Egypt mulls its options after failure of Nile dam talks
'By acting militarily to resolve the dam issue, Egypt risks angering its African brothers as well as the international community,' Retired army General Mohamed al-Shahawi
Limited options. The Grand Renaissance Dam under construction near the Sudanese-Ethiopia border. (AFP)
2017/12/03 Issue: 134 Page: 11
The Arab Weekly
Cairo- After a breakdown in talks over Ethiopia’s construction of a multibillion-dollar hydroelectric dam that Egypt says would severely restrict its share of Nile waters, Cairo is mulling its options.
Representatives of the governments of Egypt, Ethiopia and Sudan, after a meeting in November in Cairo, said they were unable to reach an agreement on the preliminary results of technical studies on the effects the dam would have on Egypt and Sudan.
The French firm that conducted the studies said the Grand Ethiopian Renaissance Dam would have adverse effects on both countries. Ethiopia, however, rejected the results. Egyptian officials, fearing Addis Ababa could unilaterally start filling the dam reservoir, voiced stronger opposition to the dam’s construction.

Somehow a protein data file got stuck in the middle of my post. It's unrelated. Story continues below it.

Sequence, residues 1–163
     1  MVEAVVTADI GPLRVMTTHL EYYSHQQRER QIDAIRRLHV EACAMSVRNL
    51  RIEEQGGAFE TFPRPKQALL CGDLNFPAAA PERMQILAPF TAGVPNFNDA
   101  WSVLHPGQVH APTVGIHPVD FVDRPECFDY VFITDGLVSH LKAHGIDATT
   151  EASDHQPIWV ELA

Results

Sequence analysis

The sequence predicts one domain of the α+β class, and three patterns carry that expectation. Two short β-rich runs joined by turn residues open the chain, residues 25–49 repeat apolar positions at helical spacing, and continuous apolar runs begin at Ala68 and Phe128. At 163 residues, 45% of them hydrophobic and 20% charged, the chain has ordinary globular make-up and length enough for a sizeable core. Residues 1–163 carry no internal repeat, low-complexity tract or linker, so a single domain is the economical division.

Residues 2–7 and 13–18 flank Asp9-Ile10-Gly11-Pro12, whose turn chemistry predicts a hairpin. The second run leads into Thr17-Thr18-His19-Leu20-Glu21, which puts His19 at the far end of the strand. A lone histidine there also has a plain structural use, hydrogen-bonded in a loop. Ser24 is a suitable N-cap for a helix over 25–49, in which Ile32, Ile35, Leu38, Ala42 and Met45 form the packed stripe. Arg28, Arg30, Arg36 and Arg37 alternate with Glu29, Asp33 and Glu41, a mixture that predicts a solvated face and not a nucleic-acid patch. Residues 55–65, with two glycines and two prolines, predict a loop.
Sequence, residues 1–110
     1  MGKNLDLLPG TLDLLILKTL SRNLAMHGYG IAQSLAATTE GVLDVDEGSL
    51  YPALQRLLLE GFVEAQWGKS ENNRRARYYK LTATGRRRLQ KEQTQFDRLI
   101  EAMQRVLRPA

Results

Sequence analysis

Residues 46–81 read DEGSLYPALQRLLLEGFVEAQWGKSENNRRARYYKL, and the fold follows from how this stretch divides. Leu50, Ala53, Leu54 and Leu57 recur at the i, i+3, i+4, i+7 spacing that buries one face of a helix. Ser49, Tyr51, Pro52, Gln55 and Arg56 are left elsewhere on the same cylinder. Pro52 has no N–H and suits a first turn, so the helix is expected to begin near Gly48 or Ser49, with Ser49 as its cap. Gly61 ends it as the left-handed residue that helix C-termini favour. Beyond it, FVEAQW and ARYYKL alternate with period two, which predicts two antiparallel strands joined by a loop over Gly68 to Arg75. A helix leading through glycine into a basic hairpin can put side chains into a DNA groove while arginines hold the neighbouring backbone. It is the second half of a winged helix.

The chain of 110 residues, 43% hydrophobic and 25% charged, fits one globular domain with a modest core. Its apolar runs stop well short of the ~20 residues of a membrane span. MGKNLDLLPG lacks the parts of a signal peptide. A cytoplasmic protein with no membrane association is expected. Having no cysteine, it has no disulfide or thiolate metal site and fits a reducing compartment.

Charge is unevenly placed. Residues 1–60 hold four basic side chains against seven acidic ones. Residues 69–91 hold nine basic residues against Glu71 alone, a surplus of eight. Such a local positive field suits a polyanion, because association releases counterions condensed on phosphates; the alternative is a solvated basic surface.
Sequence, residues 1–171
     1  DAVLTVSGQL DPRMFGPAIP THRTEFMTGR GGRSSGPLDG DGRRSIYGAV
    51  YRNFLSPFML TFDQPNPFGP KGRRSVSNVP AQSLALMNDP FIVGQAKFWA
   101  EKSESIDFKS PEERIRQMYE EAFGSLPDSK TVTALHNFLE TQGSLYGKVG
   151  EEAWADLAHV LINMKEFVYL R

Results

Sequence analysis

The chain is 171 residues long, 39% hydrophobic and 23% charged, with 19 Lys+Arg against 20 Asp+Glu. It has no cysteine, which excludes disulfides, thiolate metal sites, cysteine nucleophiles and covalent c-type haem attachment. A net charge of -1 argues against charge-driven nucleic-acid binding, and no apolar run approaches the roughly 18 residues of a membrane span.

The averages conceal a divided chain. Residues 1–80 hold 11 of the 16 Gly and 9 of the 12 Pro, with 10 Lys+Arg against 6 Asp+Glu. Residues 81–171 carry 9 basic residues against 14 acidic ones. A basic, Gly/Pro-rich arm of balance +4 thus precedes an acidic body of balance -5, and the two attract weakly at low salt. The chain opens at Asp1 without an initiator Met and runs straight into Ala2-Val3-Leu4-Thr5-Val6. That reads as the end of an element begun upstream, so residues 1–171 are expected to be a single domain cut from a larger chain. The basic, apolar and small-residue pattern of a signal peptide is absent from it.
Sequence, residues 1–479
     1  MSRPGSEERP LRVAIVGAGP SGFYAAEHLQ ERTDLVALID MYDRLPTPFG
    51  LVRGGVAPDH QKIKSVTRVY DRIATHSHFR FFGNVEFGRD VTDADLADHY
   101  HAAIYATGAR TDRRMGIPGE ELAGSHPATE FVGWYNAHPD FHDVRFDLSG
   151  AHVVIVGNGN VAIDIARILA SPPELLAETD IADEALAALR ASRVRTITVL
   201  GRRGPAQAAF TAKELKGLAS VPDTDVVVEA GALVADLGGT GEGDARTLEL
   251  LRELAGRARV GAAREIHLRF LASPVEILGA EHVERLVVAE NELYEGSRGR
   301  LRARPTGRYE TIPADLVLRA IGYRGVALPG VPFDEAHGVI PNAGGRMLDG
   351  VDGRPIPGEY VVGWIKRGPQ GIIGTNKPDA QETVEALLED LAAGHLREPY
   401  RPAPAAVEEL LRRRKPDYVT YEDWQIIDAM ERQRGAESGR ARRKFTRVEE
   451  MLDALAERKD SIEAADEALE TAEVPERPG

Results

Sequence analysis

Ethiopia rejected Cairo’s objections and said it had no intention to halt construction. “Construction has never stopped and will never stop until the project is completed,” Ethiopian Minister of Irrigation Seleshi Bekele Awulachew said.
Ethiopian Ambassador to Egypt Taye Atske-Selassie Amde met with members of Egypt’s African Affairs parliamentary committee to reassure Egyptian MPs about the construction. Ethiopian Prime Minister Hailemariam Desalegn is to visit Cairo in December.
While Cairo has publicly ruled out military action and pledged to increase attempts to persuade the Ethiopians to return to negotiations and accept the technical studies, analysts were not optimistic.
“Ethiopia wants to fill the reservoir in three years,” said Hossam al-Imam, spokesman for Egypt’s Ministry of Irrigation, “but this would significantly reduce the amount of water coming to Egypt.”